One of the most interesting points of the essay Postcolonial Approaches to Communication (Shome and Hedge) was the criticism of “the packaging of otherness”. Postcolonialist scholars reject the rhetoric of multiculturalism that sees cultures as retaining their “pristine flavors” and being “separate in their authenticity”. This rhetoric takes away the underlying power structures and colonial histories that ethnic cultures have been subject to. That way, multiculturalism can be used to further perpetuate “the normativity of whiteness”.
The scary thing about this is how people and media products can use “the cosmetic approach to multiculturalism” (inadvertently) to perpetuate current power structures, even if they're seemingly challenging them. As the professor says, it's not a group of conspirators sitting on a table and stroking their beards. It's something that happens without them even noticing it most of the time. That makes it more difficult to challenge.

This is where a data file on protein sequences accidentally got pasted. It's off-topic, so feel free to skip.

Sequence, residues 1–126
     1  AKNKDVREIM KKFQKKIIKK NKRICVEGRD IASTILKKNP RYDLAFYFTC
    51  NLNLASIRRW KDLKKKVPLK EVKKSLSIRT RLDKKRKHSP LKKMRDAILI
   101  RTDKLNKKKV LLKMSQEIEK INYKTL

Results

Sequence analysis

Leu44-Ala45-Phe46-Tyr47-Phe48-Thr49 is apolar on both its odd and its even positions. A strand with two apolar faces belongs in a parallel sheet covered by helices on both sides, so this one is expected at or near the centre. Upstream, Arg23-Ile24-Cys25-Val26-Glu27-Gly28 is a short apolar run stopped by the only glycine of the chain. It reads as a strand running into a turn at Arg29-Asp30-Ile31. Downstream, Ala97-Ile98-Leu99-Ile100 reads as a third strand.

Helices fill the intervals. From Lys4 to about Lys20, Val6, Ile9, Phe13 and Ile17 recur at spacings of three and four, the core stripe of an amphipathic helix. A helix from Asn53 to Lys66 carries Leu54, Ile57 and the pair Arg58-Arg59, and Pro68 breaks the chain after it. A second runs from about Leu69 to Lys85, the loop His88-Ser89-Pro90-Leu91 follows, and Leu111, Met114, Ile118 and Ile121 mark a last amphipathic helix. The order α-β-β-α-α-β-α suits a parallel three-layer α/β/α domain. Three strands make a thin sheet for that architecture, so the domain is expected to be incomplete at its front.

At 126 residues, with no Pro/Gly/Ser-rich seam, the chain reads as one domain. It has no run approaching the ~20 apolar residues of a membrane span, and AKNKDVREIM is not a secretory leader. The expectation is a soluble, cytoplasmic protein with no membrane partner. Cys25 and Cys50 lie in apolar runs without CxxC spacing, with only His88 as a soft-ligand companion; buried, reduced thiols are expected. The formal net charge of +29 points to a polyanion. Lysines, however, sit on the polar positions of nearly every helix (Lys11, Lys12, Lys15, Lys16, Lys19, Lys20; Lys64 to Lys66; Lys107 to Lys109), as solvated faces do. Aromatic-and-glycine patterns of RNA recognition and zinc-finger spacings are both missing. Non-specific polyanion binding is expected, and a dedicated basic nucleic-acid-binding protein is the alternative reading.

I like that the postcolonial scholars are trying to bring the past into the present in their studies. It really cannot be erased, and it challenges the idea of a pristine culture. If you go back far enough, our histories are very interconnected and, as they say, constitutive of each other. I don't think this erases difference, but it does give it another meaning and has made me rethink the concept of multiculturalism.